reloading help

Discussion in 'Reloading' started by RajnCaucasian, Jan 18, 2013.

  1. RajnCaucasian

    RajnCaucasian Member

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    Hi guys I'm fix in to get into reloading. I'm looking for help on purchasing reloading equipment, does anyone have input on what brand of equipment to purchase? I only wanna do this once for the most part. Calibers I will be reloading are 223,308,243,300rum,338lap mostly all rifle rounds I'm not worried about pistol rounds at this time. Thanks for any help

    gun)
     
  2. boomtube

    boomtube Well-Known Member

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    "...does anyone have input on what brand of equipment to purchase?"

    Everyone does, including me, but I've been doing this since '65 and don't often tell what I use because you're a new guy and what YOU will need is different from what I need! Fortunately, all our makers produce very good gear so there's no way you can 'go wrong' no matter what brand you get. I can assure you that any truly experienced reloader buys his tools by individual features rather than brand! And believe me, price is no guide to anything but cost. Pick each tool as your budget allows and know that - if your use it correctly - the only real limit to the quality of the ammo you can produce will be yourself and your components (especially the cases and bullets).

    You will NOT need the complexities of a turret or progressive press, get a basic single stage and avoid the 'quick change' die bushing gimmicks from Lee and Hornady. There's no reason to lock dies into a press with a wrench and you will quickly be able to hand screw & swap dies in less than a minute.

    It will take a long time for any new guy to gain sufficent skill to outgrow common dies and few people ever get good enough - or have sufficently accurate rfiles - to benefit at all from the more costly dies that get touted on the net. All ammo is made inside the dies, the press simply pushes the cases into and pulls them out of the dies so press arguments really center on personal tastes and some snob appeal rather than actual results. All dies are made to produce ammo within the SAAMI specifications so there's just as much tolerance difference between dies of the same brand as there is between brands.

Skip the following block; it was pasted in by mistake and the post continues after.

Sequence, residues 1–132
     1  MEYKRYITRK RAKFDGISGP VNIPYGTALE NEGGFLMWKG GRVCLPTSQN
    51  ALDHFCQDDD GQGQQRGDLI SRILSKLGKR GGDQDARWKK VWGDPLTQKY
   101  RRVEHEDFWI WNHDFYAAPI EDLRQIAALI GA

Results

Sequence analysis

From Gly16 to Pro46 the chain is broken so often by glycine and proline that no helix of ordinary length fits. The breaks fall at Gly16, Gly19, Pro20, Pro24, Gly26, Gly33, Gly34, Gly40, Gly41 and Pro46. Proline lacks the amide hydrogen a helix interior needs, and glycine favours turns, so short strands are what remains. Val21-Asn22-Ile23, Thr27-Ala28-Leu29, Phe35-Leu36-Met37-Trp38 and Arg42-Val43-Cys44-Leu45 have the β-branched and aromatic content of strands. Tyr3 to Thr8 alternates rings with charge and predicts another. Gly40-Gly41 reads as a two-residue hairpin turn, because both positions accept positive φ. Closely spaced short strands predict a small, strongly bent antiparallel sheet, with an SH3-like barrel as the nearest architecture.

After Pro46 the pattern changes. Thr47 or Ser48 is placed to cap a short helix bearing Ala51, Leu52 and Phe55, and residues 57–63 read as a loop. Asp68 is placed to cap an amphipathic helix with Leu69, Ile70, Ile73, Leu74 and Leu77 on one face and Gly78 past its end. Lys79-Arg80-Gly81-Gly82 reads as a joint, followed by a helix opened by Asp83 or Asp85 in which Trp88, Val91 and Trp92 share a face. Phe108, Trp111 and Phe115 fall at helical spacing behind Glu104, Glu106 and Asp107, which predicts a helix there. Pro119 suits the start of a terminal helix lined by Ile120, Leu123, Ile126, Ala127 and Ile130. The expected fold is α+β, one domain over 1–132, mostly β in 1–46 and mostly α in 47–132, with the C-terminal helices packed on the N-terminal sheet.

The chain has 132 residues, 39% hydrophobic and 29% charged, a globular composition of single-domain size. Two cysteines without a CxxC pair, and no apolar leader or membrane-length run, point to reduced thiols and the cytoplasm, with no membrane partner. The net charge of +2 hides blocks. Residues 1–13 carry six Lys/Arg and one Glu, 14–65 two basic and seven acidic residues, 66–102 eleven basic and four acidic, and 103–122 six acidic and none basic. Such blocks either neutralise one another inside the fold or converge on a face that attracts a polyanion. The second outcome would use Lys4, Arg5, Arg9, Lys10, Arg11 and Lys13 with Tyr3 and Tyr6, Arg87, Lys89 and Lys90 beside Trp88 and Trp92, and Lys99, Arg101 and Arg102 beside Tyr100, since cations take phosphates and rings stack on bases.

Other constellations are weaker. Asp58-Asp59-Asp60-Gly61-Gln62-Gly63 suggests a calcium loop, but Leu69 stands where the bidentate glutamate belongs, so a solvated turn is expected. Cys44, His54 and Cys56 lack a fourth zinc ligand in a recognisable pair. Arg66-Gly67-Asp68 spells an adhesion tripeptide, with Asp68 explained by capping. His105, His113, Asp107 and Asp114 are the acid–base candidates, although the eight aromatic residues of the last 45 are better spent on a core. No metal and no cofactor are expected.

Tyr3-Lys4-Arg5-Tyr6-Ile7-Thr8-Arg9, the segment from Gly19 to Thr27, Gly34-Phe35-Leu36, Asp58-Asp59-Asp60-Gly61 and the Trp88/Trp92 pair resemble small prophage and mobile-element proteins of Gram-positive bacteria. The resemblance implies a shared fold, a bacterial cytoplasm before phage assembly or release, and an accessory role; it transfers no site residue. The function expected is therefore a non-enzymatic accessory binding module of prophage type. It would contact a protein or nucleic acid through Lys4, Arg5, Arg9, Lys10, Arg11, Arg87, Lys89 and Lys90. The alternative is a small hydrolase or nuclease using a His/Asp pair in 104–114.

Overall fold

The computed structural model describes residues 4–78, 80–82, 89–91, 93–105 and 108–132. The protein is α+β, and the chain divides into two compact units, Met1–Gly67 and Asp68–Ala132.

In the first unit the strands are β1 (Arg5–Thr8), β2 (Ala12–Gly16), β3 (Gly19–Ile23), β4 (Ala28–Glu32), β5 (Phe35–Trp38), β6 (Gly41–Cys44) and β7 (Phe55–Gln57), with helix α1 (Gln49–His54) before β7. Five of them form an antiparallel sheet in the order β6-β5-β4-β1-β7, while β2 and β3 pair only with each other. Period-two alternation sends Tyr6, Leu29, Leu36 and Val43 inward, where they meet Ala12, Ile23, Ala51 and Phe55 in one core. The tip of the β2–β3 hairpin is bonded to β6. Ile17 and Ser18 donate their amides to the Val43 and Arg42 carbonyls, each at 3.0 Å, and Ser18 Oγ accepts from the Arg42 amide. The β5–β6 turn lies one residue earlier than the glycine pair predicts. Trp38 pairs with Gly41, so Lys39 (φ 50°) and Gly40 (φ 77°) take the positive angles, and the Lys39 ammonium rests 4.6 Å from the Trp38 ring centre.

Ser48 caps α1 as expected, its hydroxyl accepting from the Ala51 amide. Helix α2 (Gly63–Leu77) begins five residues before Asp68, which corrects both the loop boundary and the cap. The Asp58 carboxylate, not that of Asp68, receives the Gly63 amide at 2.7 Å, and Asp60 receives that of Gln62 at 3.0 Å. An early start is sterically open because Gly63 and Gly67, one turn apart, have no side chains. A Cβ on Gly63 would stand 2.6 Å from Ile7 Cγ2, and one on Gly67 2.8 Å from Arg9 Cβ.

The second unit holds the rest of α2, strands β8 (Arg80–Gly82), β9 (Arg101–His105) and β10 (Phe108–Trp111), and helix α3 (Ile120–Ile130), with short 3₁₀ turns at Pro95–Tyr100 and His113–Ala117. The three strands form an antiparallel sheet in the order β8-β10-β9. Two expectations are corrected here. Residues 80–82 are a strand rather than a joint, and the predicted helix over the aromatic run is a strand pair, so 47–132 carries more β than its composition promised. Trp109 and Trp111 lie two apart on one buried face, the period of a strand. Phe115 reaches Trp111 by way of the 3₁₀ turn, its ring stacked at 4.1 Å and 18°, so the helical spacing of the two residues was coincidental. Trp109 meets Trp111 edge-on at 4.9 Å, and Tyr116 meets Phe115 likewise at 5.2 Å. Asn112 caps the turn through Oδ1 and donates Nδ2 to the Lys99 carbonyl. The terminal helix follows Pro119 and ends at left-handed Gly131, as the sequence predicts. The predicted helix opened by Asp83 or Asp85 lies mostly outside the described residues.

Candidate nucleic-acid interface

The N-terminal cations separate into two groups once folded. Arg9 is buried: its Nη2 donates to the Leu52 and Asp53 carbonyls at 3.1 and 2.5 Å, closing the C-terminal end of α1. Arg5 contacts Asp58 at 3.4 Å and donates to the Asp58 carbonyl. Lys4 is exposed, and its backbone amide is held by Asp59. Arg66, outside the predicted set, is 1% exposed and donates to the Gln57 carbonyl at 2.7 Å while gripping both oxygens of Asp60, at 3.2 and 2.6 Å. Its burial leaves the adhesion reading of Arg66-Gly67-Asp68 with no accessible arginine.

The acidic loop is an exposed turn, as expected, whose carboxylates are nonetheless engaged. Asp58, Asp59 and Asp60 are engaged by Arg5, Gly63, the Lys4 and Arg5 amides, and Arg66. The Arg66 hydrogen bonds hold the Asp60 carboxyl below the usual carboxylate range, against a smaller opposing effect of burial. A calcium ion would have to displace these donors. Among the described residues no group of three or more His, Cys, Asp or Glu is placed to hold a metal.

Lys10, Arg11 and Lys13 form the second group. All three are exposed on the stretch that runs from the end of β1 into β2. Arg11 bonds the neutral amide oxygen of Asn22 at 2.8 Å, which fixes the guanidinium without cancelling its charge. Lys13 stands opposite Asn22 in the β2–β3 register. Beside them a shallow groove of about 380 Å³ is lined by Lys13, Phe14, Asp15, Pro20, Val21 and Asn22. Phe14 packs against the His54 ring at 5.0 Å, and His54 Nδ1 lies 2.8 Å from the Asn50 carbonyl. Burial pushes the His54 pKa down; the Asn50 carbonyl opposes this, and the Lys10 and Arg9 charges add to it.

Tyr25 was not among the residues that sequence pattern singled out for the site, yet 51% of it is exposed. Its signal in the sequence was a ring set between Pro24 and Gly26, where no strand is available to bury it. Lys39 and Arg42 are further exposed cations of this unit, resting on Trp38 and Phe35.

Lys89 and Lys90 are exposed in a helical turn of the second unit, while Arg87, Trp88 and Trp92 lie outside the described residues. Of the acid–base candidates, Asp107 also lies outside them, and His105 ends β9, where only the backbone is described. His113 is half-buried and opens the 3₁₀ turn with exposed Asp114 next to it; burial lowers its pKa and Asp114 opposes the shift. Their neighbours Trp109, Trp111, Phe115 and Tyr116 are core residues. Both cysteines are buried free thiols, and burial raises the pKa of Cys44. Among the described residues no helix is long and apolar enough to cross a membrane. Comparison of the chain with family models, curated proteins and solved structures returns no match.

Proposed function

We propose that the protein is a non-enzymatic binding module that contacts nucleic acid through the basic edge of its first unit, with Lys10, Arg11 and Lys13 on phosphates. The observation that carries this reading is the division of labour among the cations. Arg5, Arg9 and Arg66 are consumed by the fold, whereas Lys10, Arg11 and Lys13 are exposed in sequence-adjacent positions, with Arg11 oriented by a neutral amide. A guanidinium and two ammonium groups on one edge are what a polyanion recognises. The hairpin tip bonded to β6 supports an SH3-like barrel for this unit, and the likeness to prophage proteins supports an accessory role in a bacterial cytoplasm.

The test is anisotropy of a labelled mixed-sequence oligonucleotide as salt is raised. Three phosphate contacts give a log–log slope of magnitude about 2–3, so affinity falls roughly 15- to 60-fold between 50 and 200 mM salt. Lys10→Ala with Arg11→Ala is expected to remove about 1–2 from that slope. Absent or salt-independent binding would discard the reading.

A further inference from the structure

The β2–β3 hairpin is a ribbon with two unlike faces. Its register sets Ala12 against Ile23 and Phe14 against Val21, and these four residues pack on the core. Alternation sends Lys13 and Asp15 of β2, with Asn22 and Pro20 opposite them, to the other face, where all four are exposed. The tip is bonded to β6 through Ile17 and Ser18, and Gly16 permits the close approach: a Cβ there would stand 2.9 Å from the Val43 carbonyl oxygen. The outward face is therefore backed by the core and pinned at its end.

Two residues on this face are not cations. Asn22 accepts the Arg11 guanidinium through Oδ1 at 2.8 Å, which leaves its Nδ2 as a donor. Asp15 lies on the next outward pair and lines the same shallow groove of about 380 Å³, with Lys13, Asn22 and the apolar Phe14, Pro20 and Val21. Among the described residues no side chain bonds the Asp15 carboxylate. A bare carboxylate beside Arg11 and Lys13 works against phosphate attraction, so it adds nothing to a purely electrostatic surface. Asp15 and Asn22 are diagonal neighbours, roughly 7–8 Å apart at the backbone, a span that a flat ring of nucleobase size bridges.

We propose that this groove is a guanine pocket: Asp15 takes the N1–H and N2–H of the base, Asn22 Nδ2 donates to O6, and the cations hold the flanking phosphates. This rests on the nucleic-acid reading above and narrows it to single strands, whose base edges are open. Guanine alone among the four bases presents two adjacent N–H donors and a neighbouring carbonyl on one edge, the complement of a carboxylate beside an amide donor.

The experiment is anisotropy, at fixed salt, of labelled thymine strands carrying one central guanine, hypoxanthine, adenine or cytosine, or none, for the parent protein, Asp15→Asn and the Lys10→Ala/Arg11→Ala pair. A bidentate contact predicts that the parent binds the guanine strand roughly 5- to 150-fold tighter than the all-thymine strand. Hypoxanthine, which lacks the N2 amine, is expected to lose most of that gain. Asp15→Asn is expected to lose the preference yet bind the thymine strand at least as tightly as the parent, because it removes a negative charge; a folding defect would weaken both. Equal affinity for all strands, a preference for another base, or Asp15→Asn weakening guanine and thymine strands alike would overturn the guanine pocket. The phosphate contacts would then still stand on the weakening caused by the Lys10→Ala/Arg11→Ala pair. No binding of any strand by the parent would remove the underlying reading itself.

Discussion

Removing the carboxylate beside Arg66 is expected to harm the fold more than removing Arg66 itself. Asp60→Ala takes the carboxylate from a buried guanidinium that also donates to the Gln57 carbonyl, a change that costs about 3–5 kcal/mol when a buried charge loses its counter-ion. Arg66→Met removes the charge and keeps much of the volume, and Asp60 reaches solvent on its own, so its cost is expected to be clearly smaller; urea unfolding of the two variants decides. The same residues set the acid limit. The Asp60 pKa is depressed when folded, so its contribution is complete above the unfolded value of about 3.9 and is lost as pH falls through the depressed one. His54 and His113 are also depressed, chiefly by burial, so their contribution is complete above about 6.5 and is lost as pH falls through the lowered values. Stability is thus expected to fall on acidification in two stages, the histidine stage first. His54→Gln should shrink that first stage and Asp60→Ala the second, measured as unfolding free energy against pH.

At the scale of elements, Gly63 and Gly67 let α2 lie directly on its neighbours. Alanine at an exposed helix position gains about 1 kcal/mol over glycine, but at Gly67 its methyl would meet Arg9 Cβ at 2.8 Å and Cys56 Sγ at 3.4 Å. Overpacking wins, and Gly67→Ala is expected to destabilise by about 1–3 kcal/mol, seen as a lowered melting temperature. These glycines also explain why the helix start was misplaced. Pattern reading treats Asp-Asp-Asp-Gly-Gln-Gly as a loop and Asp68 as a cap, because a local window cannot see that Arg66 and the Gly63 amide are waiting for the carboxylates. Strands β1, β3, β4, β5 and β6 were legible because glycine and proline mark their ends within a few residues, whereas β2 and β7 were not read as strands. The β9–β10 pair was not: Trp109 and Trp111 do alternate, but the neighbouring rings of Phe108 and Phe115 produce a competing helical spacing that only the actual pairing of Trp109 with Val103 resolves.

Decent digital scales tend to be pricey and are no more accurate than a beam scale, nor are digitals any real help for speed. Look at the mid-range beam scales from RCBS and Dillon, they are made by Ohaus and that's a very good scale maker.
     

  3. savagelover

    savagelover Well-Known Member

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    nothing to add except get yourself a good manual and I suggest
    a Lyman new edition.I think they have a lot more information
    for someone just getting into the game...John:D
     
  4. farout

    farout Well-Known Member

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    "You will NOT need the complexities of a turret or progressive press, get a basic single stage and avoid the 'quick change' die bushing gimmicks from Lee and Hornady. There's no reason to lock dies into a press with a wrench and you will quickly be able to hand screw & swap dies in less than a minute."

    The above is good advice from Boomtube.

    I think another good aspect of starting with some of this mid-range equipment is that it is easier to setup and get going. For example standard full length or neck only re-sizing dies are easier to setup and less confusing than the more expensive bushing type dies. This allows you to save a few bucks, and enjoy things a little quicker. Later on you will have a better idea of what you really need you reloading equipment to accomplish for you and can make more knowledgeable decisions when/if you decide to upgrade your equipment. And you will appreciate the upgraded equipment more as you will really understand what that new equipment brought to your reloading table.